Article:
Nov 152013
 
Gary scratches his head - photo by Rosemary Keevil

Gary scratches his head – photo by Rosemary Keevil

I was invited to keynote at the 2013 Merging Media conference in Vancouver last week and it was great to meet up with the wandering band of transmedia/multiplatform ‘global gliterati’ that frequent these events. All in all a top notch affair, well attended, mostly on the ball  in terms of topics and refreshing to take in the effervescent youthful passion that abounded from the attendees.

My next post will be detailed coverage some of the themes of my presentation but what follows below is something I sneaked into my talk last minute – partly as a response to some of the previous speakers on day 1 and the ‘challenges’ that still pervade this fledgling industry, still, after all these years.

The ‘digital’ brochure-ware website/mobile-app industry is doing fine and dandy – quaint silos inside traditional broadcasters, studios and ad agencies make ‘broadcast interactive’ stuff that is proven standard fare for large sections of the mostly passive audience –  but where are the truly original and/or mature multi platform transmedia services and how will we get there? I then thought of a series of scales on which to gauge and see if we can really get a sense of the State of Play in ‘whatever’ we will finally agree to call this thing.

I presented this section partly interactively (well the sort of magician like interactivity we all sometimes despise) – I asked the audience to shout out where we think we are on the scale and then I pressed the magic button and the needle floated across ala an interactive worm (in fact of course these were all my already set valuations – but anyway most of the time it was within 1 or 2 points!). I did tell the audience by the way, although they probably sussed it after the 2nd or 3rd one 🙂

So the State of Play of the Multiplatform / Transmedia Industry across 10 scales of measurement

 

001_Transmedia Multiplatform State of the Industry

 

Language and Grammar – Tower of Babel or Industry Shared – 3/10 – It is critical everyone is singing off the same song sheet for it to be a mature industry, how else can we create a business on something if it is not a shared terminology? Imagine if for example in film we called the editing stage either the compile, the chop, the edit, the merge, etc: depending on who was producing or which country we were in. Chaos.  But as we know in multi platform circles, we don’t have to look far to see the cracks – not only are the transmedia folk stretched from arty fluffiness at one of the spectrum to hard core marketing at the other but there is still across the industry (& academia) no real agreement on what the ‘T’ word actually means. Then on the ‘serious digital production’ side of the fence, whole swathes of the industry who  do bare bones digital ‘cloning’, nothing new, just pure turning the app/site production handle. Every sector from academia to agency to studio to broadcaster all use different terms. 3 out of 10 suggests we have at least another 10-15 years before we settle down into a shared taxonomy – lets hope it is sooner.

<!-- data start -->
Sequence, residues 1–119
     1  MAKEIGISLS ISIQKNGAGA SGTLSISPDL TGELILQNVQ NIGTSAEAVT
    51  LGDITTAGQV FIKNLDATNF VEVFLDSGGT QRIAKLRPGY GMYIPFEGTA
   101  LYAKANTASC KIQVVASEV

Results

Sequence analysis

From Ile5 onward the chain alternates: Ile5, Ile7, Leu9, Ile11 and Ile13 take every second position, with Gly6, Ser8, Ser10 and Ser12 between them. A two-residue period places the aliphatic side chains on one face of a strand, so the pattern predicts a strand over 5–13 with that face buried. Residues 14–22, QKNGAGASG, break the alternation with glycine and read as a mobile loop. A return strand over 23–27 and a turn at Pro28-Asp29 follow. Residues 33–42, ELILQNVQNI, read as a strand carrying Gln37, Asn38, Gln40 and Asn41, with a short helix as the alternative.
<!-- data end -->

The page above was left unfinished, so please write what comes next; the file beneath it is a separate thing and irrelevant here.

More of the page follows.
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Apr 202011
 

Not sure what I have been drinking but last two posts are drawing from probably the oldest shared story and one that has been distributed across more media platforms than any other story – I quote from one of the earlier ‘chapters’:

Behold, the people is one, and they have all one language; and this they begin to do; and now nothing will be restrained from them, which they have imagined to do. 7 Go to, let us go down, and there confound their language, that they may not understand one another’s speech. 8 So the Lord scattered them abroad from thence upon the face of all the earth: and they left off to build the city. Genesis 11:1-9 – via Wikipedia

WHAT DO ‘NORMAL’ PEOPLE CALL THIS ‘NEW’ STUFF?

The world of fragmented media is constantly evolving and finding words to describe this new ecosystem of form will also constantly evolve. If a ‘normal’ person is in the cinema they say they are “watching a film”, in front of the box they are “watching TV”, sat around a Monopoly board “playing a game”, holding printed paper “reading a book” – but what do we ‘they’ call that thing that combines all of these? If these were ‘not’ normal people then a wide range of people asked to comment on a cool ‘????’ service might look like –

Celebrating the Multi-Platform Tower of Babel

As an industry (digital, interactive, multi-platform, transmedia?) we have not provided normal ‘users’ with a term they can use. The other 6 billion people on this planet are not going to call the services that ‘combine’  or utilise the use of media platforms, any of the above names, any time soon – so we need to get back to the drawing board folks.